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[460] them books, and pamphlets, and many newspapers:
chap. XX.} 1763.
they had a ministry chiefly composed of men of their own election. In private life they were accustomed to take care of themselves; in public affairs they had local legislatures, and municipal self-direction. And now this continent from the Gulf of Mexico to where civilized life is stayed by barriers of frost, was become their dwelling-place and their heritage.

Reasoning men in New York, as early as 1748, foresaw and announced that the conquest of Canada, by relieving the Northern Colonies from danger, would hasten their emancipation. An attentive Swedish traveller in that year heard the opinion, and published it to Sweden and to Europe; the early dreams of John Adams made the removal of ‘the turbulent Gallics’ a prelude to the approaching greatness of his country. During the negotiations for peace, the kinsman and bosom friend of Edmund Burke, employed the British press to unfold the danger to England from retaining Canada; and the French minister for foreign affairs frankly warned the British envoy, that the cession of Canada would lead to the independence of North America.1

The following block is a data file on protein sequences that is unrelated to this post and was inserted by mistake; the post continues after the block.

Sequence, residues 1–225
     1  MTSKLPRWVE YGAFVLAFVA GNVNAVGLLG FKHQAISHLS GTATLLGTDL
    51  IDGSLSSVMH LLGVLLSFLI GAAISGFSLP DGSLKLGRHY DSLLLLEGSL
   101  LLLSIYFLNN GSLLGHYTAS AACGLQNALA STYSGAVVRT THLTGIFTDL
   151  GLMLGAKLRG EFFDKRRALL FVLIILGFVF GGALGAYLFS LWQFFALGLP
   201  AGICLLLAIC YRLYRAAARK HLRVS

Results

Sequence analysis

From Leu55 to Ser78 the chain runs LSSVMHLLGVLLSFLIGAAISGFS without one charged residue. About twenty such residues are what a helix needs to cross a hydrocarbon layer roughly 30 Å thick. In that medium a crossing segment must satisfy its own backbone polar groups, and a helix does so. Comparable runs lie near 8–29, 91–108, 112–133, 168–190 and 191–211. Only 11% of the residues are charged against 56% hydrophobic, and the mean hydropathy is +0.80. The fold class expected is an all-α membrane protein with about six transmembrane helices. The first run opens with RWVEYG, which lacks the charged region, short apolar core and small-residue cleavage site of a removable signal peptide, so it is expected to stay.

Unintimidated by the prophecy, and obeying a higher and wiser instinct, England happily persisted. ‘We have caught them at last,’2 said Choiseul to those around him on the definitive surrender of New France; and at once giving up Louisiana to Spain, his eager hopes anticipated the speedy struggle of America for separate existence. So soon as the sagacious

1 Hans Stanley to William Pitt, 1760, printed in Thackeray's Chatham.

2 From oral communications to me by the late Albert Gallatin, confirmed by papers in my possession, relating to periods a little earlier and a litt'e later.

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